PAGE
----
Colombia-Ho


I’ve been contemplating my future direction for some time now, and I still have yet to determine a trajectory in terms of how to make my money in a manner that I might be alright with over the long-term. (Considering either grad school for Public Policy, or opening up a wine/fine liquor bar/used bookstore/hookah bar/whole foods restaurant/dance club). But for this year at least, I’ve made certain decisions about my immediate future: for example, I’ve decided that I must journey to Colombia, and I’m pretty excited about this. This will occur at the end of the year, and I’m still trying to determine the exact length of time to be down there, but I’m hoping for at least 2 months, if not more.

Why Colombia? Well, for starters, my cousin is a Colombian organic farmer (go figure, considering I’m mainly Swedish in heritage), growing platanos and café, and as I haven’t seen him since I was a kid, I figured that now’s about the time, given that I am getting into permaculture and planting concepts. Furthermore, given that I had a wonderful journey into Perú last year and picked up a little bit of Castellano, it only seems natural to continue exploring the wonders and beauty of South America. And also, of course, it is extremely cheap down there as well.

Different this time around will be that my girlfriend plans on accompanying me, which will change the experience of travel in many ways. She’s terrified of being in a foreign country and of dealing with strangers in another language. Especially a country that has the cloud of narcotic traffic terrorism hanging over it. When I am by myself, I never feel very threatened, both because I am secretly a ninja, and also because I can be very accepting of people when I need to, even when they appear threatening. But with her by my side, I may feel more of a protective urge and not be as inclined to place myself in potentially sketchy situations that could also lead to interesting adventures. But at the same time, I also think that I will be more adventurous in other ways, such as when I want to go check out a local bar playing criollo music, I won’t hesitate to go out since I will have a companion. Many times last winter when I wanted to check out some local joint and I hadn’t made any local friends yet, I was a little bit nervous because I was alone, blonde, and didn’t speak very good Spanish, so I didn’t feel comfortable just busting into some bar and dancing merengue, even though I really wanted to. I’m not sure how it will be exactly, but I know that it will be a whole new experience unto itself.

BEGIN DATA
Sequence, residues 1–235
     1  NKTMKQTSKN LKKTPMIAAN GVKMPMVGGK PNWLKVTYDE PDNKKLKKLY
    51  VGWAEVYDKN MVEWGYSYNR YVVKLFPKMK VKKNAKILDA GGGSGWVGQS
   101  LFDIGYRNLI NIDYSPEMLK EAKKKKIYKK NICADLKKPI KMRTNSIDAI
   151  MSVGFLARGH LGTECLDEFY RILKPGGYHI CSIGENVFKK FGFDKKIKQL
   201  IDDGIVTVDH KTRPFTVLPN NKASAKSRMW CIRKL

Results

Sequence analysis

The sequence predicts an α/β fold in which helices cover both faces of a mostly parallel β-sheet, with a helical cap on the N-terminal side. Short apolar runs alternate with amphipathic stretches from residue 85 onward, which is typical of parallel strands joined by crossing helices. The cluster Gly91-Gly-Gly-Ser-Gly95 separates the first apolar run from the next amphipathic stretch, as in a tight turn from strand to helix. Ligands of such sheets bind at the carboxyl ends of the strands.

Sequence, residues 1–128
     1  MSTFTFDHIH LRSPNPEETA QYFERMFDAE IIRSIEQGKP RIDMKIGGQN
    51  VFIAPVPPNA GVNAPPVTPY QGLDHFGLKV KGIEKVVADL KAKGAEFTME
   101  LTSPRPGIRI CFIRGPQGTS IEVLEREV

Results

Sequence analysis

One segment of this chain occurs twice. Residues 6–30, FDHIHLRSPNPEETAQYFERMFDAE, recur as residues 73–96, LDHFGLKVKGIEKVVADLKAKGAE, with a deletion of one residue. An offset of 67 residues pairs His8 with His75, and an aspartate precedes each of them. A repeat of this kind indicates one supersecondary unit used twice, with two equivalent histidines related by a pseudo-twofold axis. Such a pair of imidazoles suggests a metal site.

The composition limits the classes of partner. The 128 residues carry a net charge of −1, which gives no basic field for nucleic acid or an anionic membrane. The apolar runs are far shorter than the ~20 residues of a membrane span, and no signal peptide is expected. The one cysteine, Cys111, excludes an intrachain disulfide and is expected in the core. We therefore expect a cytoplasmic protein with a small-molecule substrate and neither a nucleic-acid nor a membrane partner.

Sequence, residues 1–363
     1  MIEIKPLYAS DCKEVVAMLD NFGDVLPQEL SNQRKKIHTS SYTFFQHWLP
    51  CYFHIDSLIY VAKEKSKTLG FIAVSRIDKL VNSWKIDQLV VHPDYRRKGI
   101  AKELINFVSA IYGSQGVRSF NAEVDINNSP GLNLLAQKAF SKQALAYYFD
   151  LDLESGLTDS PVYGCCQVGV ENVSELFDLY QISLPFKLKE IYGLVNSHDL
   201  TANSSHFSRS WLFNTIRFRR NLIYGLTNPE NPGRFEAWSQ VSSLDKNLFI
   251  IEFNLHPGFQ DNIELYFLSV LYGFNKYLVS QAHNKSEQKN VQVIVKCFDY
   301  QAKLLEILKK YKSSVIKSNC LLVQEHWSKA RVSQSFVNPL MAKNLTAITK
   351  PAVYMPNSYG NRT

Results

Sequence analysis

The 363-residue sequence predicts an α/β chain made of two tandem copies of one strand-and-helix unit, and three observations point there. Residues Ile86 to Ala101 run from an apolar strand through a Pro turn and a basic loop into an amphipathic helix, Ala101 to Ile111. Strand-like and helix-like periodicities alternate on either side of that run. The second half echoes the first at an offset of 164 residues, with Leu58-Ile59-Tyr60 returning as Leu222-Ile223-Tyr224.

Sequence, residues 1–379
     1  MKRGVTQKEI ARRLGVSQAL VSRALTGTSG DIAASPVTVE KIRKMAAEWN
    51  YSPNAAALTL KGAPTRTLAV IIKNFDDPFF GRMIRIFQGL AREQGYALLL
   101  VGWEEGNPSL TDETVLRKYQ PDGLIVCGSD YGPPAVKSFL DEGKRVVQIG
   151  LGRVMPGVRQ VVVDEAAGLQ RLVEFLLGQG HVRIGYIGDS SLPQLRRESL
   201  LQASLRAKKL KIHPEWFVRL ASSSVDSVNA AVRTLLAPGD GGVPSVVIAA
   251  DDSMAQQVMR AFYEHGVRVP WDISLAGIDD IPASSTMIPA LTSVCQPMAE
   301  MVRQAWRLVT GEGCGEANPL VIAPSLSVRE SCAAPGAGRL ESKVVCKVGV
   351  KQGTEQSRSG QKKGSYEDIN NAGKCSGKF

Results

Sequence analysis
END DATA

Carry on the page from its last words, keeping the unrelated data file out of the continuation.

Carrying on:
I’m excited already, I love to travel and explore foreign cultures, where sometimes I feel more at home, and also feel more self-explorative then when in my native environment. I feel like the juxtaposition of being in a strange and foreign environment challenges you to appreciate difference, and open yourself to wholly new perspectives that you wouldn’t normally consider nor accept.

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Author: manderson

I live in NYC.

8 thoughts on “Colombia-Ho”

  1. Hey, Gladd you are going to Colombia, I’m from there, but I live now in Washington DC. I go to Cartagena very often and is one of the most beautiful places in Colombia. Avoid all the crouds by going before December 15, that is when Colombia’s go on vacation, and it goes until January 15 . Always as for discounts no mather what, exept in the big stores. Good luck and have fun there. Jose

  2. Hugo Chavez is the president of Venezuela, not Colombia. And I would love to meet him. At least his “dictatorship” is benevolent, as opposed to our current dictatorship by Dick Cheney.

  3. Bubbler,

    Hugo Chavez ordered that a television station[network] he does not like will be closed down. By any definition Hugo Chavez is a dictator and I’m sure you would love to meet him.

  4. Yes, of course every action taken by Chavez that can be considered unsavory is blown up by the American media, and our government would love to see him deposed (we supported the short lived coup of Chavez in 2002). But closing down a TV station seems pretty darn insignificant in comparison to things that our own government have been doing on a consistent basis. I don’t think I need to list these things, as you have obviously been paying attention to the news, but here’s a reminder: firing of US attorneys, Jack Abramoff, Valerie Plame, unauthorized wiretapping, nonexistent weapons of mass destruction, Halliburton, Tom Delay, Abu Ghraib, etcetera etc ad nauseum.

    Let me also remind you that we don’t exactly have a “free” media in these parts either. Now, I’m not trying to justify Chavez’ actions. But I also don’t know anything about Venezuelan politics yet, and I have the feeling that neither do you, aside from the one-sided portraits painted by the American media.

    We got plenty to criticize within our government before we start criticizing foreign governments.

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